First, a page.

|Genome-scale dynamic modeling of the competition between Rhodoferax and Geobacter in anoxic subsurface environments.
|Year of Publication
|Zhuang K, Izallalen M, Mouser P, Richter H, Risso C, Mahadevan R, Lovley DR
|Acetates, Anaerobiosis, Biodegradation, Environmental, Biomass, Comamonadaceae, Genome, Genome, Bacterial, Geobacter, Models, Biological, Nitrogen Fixation, Quaternary Ammonium Compounds, RNA, Ribosomal, 16S, Uranium, Water Microbiology, Water Pollutants, Radioactive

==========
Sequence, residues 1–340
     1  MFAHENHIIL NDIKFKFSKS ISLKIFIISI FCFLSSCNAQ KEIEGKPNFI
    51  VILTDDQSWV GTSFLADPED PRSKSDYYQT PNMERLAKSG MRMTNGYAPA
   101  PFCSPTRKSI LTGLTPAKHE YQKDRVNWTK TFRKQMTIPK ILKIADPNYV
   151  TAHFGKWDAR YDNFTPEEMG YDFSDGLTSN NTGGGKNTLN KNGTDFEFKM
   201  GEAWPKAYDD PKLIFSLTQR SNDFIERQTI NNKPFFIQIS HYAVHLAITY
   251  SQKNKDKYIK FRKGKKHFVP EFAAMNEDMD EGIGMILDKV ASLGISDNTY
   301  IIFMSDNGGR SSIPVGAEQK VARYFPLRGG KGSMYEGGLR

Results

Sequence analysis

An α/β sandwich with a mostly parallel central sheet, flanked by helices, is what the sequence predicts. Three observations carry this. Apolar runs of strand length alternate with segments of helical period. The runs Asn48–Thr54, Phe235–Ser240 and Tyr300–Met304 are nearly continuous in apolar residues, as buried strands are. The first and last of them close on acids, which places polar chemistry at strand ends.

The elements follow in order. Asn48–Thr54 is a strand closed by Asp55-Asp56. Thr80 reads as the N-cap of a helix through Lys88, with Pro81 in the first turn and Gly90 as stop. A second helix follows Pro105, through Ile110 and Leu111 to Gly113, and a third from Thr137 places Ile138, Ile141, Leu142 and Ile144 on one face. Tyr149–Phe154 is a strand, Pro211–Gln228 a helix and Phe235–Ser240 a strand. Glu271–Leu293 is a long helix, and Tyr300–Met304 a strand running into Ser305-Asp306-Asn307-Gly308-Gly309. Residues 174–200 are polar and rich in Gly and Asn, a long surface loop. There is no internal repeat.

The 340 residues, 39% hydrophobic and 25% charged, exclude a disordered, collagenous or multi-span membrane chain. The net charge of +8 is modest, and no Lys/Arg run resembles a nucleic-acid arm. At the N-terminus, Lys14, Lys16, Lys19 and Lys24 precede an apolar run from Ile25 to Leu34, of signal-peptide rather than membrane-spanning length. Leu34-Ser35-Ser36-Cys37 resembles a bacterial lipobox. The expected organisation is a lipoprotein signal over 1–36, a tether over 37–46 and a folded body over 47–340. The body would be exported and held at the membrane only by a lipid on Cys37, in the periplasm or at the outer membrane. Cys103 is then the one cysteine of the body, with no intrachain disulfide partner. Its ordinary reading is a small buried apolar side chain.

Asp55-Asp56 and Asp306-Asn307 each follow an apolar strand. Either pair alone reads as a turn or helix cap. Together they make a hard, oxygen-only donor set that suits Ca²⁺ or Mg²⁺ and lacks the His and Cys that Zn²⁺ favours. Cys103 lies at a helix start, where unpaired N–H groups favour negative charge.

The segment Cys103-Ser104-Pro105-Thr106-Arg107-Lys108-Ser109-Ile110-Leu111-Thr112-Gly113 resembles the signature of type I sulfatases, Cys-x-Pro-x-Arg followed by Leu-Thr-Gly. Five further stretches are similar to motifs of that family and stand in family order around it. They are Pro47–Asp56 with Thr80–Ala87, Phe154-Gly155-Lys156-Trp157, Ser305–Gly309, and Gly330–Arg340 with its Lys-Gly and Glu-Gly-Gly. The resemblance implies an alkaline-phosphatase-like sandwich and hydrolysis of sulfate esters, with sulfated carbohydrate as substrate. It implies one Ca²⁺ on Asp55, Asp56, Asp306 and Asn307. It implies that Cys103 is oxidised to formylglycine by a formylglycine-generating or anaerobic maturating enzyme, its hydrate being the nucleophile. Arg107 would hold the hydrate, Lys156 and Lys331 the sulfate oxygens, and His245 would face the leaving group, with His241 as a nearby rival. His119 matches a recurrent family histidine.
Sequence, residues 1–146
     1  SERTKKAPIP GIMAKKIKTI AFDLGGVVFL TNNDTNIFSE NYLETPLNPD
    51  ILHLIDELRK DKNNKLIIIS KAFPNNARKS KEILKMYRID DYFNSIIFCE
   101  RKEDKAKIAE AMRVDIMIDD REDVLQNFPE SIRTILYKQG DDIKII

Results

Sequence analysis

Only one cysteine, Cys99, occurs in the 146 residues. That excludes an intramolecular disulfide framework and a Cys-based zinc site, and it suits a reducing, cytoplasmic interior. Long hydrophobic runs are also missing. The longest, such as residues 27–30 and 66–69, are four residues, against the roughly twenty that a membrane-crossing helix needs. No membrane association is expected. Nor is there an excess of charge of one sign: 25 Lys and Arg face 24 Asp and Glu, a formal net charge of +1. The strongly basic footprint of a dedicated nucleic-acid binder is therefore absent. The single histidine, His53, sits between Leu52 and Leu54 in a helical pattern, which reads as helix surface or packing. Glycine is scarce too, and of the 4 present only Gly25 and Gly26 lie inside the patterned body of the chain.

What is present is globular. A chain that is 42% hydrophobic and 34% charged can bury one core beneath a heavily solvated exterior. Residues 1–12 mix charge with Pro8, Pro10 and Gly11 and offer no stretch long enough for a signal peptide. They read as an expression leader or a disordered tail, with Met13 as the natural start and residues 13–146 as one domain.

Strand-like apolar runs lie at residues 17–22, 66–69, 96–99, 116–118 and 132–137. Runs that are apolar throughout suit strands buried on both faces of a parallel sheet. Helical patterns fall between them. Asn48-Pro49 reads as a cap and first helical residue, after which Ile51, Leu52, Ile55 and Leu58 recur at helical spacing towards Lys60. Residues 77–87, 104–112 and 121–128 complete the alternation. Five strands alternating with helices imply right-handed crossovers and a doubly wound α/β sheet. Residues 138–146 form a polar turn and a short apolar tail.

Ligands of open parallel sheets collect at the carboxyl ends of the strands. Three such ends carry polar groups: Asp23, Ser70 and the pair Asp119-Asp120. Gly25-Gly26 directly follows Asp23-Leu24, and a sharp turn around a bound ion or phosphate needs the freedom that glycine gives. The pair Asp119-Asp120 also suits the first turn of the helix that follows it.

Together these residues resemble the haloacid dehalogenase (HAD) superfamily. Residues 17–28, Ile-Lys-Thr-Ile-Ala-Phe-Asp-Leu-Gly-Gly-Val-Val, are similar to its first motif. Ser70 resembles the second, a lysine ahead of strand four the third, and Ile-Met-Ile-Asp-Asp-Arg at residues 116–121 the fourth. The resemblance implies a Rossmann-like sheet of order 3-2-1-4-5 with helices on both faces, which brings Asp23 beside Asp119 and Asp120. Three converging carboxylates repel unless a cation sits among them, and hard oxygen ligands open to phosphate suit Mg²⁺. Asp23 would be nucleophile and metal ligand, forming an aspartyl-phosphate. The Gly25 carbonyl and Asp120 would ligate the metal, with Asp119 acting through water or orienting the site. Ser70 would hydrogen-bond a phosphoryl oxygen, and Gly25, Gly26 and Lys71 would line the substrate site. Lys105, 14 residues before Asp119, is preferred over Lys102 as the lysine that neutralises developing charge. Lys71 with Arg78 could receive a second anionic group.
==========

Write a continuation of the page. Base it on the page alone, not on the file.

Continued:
The advent of rapid complete genome sequencing, and the potential to capture this information in genome-scale metabolic models, provide the possibility of comprehensively modeling microbial community interactions. For example, Rhodoferax and Geobacter species are acetate-oxidizing Fe(III)-reducers that compete in anoxic subsurface environments and this competition may have an influence on the in situ bioremediation of uranium-contaminated groundwater. Therefore, genome-scale models of Geobacter sulfurreducens and Rhodoferax ferrireducens were used to evaluate how Geobacter and Rhodoferax species might compete under diverse conditions found in a uranium-contaminated aquifer in Rifle, CO. The model predicted that at the low rates of acetate flux expected under natural conditions at the site, Rhodoferax will outcompete Geobacter as long as sufficient ammonium is available. The model also predicted that when high concentrations of acetate are added during in situ bioremediation, Geobacter species would predominate, consistent with field-scale observations. This can be attributed to the higher expected growth yields of Rhodoferax and the ability of Geobacter to fix nitrogen. The modeling predicted relative proportions of Geobacter and Rhodoferax in geochemically distinct zones of the Rifle site that were comparable to those that were previously documented with molecular techniques. The model also predicted that under nitrogen fixation, higher carbon and electron fluxes would be diverted toward respiration rather than biomass formation in Geobacter, providing a potential explanation for enhanced in situ U(VI) reduction in low-ammonium zones. These results show that genome-scale modeling can be a useful tool for predicting microbial interactions in subsurface environments and shows promise for designing bioremediation strategies.